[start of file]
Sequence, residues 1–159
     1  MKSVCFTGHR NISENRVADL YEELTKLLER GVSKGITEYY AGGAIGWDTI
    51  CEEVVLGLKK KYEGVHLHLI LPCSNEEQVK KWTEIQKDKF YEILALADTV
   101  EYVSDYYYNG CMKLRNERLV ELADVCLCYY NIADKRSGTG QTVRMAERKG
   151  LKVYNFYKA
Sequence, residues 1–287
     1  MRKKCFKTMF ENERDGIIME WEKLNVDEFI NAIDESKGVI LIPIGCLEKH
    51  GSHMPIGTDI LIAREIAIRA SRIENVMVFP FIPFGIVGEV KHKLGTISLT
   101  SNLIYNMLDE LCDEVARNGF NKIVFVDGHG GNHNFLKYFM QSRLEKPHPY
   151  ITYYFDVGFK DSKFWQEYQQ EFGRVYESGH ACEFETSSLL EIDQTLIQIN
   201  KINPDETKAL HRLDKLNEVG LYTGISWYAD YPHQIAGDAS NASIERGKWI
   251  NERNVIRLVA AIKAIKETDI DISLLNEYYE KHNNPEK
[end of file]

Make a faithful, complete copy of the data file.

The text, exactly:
Sequence, residues 1–159
     1  MKSVCFTGHR NISENRVADL YEELTKLLER GVSKGITEYY AGGAIGWDTI
    51  CEEVVLGLKK KYEGVHLHLI LPCSNEEQVK KWTEIQKDKF YEILALADTV
   101  EYVSDYYYNG CMKLRNERLV ELADVCLCYY NIADKRSGTG QTVRMAERKG
   151  LKVYNFYKA
Sequence, residues 1–287
     1  MRKKCFKTMF ENERDGIIME WEKLNVDEFI NAIDESKGVI LIPIGCLEKH
    51  GSHMPIGTDI LIAREIAIRA SRIENVMVFP FIPFGIVGEV KHKLGTISLT
   101  SNLIYNMLDE LCDEVARNGF NKIVFVDGHG GNHNFLKYFM QSRLEKPHPY
   151  ITYYFDVGFK DSKFWQEYQQ EFGRVYESGH ACEFETSSLL EIDQTLIQIN
   201  KINPDETKAL HRLDKLNEVG LYTGISWYAD YPHQIAGDAS NASIERGKWI
   251  NERNVIRLVA AIKAIKETDI DISLLNEYYE KHNNPEK